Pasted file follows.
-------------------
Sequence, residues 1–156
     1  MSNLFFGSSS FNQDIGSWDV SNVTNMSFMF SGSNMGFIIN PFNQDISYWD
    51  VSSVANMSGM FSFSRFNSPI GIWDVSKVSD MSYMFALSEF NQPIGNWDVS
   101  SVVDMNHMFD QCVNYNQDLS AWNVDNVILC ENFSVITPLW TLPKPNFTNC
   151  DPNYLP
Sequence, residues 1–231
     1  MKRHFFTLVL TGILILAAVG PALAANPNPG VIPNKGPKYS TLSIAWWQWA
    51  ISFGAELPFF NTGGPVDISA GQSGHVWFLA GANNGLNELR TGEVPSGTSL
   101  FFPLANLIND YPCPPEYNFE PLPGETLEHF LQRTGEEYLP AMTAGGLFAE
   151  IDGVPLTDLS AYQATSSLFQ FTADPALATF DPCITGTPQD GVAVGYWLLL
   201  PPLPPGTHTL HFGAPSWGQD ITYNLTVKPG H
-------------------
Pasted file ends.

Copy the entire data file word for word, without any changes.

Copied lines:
Sequence, residues 1–156
     1  MSNLFFGSSS FNQDIGSWDV SNVTNMSFMF SGSNMGFIIN PFNQDISYWD
    51  VSSVANMSGM FSFSRFNSPI GIWDVSKVSD MSYMFALSEF NQPIGNWDVS
   101  SVVDMNHMFD QCVNYNQDLS AWNVDNVILC ENFSVITPLW TLPKPNFTNC
   151  DPNYLP
Sequence, residues 1–231
     1  MKRHFFTLVL TGILILAAVG PALAANPNPG VIPNKGPKYS TLSIAWWQWA
    51  ISFGAELPFF NTGGPVDISA GQSGHVWFLA GANNGLNELR TGEVPSGTSL
   101  FFPLANLIND YPCPPEYNFE PLPGETLEHF LQRTGEEYLP AMTAGGLFAE
   151  IDGVPLTDLS AYQATSSLFQ FTADPALATF DPCITGTPQD GVAVGYWLLL
   201  PPLPPGTHTL HFGAPSWGQD ITYNLTVKPG H